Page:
There is a lot to unpack in that paragraph, such as the notion that oppressed groups must patiently and cordially “persuade” their oppressors to treat them decently or Sullivan’s ignoring the fact that identity politics—in the sense of getting gays to buy into the idea that they have a shared identity—was a necessary step before the kind of argumentation-from-identity that he worships was even possible. But vis-a-vis Chait, the most important question is one of style. What does a good argument look like to these men? And what does it take for an argument to be deemed “reasonable”?


Sullivan is right that the speed with which gay people have found themselves included in the institutions of civil marriage and military service is impressive—but is it really remarkable? As Sullivan, architect of the conservative case for gay marriage, surely recognizes, inclusion in those deeply conservative institutions is as much about domesticating gayness for mainstream palatability as it is about “social progress.” The argument for marriage equality is hardly radical; a radical argument would involve, for example, calling for an end to civil marriage as the de facto requirement for wealth-building, legal protection, and social approval for relationships in this country. But something tells me that would be too “extreme” to compute in Sullivan and Chait's mannered model of social progress, too “unreasonable” to be taken seriously.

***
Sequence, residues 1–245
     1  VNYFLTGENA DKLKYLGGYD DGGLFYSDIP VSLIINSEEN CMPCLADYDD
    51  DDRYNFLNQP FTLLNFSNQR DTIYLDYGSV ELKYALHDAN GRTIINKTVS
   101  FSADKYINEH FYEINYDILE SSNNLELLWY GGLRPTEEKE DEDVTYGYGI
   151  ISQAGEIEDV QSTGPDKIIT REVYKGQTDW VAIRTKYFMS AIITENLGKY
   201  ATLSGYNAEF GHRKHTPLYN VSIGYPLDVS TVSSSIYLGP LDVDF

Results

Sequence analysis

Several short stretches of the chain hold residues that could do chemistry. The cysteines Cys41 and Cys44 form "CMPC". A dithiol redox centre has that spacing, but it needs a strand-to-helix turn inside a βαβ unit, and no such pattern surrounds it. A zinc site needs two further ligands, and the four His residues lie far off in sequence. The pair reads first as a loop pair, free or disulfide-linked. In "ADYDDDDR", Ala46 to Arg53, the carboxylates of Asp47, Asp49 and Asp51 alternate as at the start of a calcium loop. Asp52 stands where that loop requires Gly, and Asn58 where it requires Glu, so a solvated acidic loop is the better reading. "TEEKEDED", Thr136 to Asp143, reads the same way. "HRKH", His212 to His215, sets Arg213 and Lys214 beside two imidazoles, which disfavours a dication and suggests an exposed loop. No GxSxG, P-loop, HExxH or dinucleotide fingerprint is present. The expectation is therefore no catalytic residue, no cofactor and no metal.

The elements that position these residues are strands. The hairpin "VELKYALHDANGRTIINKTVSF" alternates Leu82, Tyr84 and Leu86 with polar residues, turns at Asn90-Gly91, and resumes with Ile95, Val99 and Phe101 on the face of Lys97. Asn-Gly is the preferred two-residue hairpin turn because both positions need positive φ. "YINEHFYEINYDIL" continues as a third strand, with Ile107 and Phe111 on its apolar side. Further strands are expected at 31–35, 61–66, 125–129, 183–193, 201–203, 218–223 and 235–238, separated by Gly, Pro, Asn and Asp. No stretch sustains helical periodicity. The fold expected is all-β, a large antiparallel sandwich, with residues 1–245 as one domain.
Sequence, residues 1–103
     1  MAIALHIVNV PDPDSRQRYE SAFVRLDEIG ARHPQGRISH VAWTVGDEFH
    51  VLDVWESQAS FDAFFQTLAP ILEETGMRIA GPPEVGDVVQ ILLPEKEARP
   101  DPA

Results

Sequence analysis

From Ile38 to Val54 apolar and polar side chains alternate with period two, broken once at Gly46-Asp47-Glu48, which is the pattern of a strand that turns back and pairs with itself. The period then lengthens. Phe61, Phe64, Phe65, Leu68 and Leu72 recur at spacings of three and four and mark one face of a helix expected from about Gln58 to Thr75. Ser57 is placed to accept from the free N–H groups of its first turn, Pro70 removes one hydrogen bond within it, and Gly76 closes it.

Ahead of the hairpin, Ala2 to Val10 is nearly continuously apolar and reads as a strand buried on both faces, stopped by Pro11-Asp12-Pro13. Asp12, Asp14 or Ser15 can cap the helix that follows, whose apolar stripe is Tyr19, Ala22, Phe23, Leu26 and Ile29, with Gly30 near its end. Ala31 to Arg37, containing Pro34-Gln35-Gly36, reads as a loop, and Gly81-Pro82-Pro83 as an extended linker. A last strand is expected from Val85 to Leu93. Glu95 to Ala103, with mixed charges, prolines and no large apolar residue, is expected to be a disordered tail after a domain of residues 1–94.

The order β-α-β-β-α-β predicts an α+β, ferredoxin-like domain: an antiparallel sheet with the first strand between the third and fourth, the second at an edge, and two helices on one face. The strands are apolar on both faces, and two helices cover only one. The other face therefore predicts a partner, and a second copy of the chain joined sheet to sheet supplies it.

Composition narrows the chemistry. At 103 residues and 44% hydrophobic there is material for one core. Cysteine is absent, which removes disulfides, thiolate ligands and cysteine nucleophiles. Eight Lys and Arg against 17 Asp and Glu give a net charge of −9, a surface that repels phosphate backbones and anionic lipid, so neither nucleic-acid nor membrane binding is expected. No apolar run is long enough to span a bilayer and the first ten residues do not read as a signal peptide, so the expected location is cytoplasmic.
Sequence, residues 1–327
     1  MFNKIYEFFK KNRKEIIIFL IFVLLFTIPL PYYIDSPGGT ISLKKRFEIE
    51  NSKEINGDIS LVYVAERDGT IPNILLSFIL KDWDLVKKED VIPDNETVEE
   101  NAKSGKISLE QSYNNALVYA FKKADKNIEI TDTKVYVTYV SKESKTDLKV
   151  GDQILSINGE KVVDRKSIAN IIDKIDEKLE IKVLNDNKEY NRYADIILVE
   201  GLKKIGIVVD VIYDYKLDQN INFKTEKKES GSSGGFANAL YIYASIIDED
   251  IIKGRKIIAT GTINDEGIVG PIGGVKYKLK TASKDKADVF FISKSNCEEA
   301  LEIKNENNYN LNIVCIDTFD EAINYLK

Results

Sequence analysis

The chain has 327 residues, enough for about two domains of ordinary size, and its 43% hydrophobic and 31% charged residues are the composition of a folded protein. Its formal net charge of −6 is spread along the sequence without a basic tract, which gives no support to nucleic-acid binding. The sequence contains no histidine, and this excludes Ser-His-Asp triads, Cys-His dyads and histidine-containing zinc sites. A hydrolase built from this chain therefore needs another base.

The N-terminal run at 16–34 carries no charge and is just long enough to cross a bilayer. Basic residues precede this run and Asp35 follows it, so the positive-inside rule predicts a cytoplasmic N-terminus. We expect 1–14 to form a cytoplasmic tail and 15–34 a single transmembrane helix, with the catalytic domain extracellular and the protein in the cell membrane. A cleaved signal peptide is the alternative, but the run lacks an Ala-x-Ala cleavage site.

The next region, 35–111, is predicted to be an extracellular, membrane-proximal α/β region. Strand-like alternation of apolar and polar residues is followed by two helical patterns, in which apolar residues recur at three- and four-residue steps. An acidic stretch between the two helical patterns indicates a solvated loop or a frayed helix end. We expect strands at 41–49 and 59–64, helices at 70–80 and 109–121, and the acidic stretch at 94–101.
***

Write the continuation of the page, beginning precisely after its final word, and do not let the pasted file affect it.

Now, consider that arguments about race or gender justice—which, given that gays only became legible as a political class in the 1960s, are made in the context of much older and more deeply embedded histories of oppression—must by demographic necessity be more sweeping and more profoundly radical (see, for example, the perennial freak-out over the suggestion of reparations). When all the institutions with whom we must valiantly argue for our legitimacy are inherently racist and sexist and do not really want to hear from us (or only in unthreatening, file-your-complaint-in-triplicate ways), and when all evidence suggests that such efforts have been only marginally successful at best, it is not difficult to understand why calls to “be reasonable!” are met with an increasing amount of side-eye.

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But like I said, Chait’s not wrong about everything.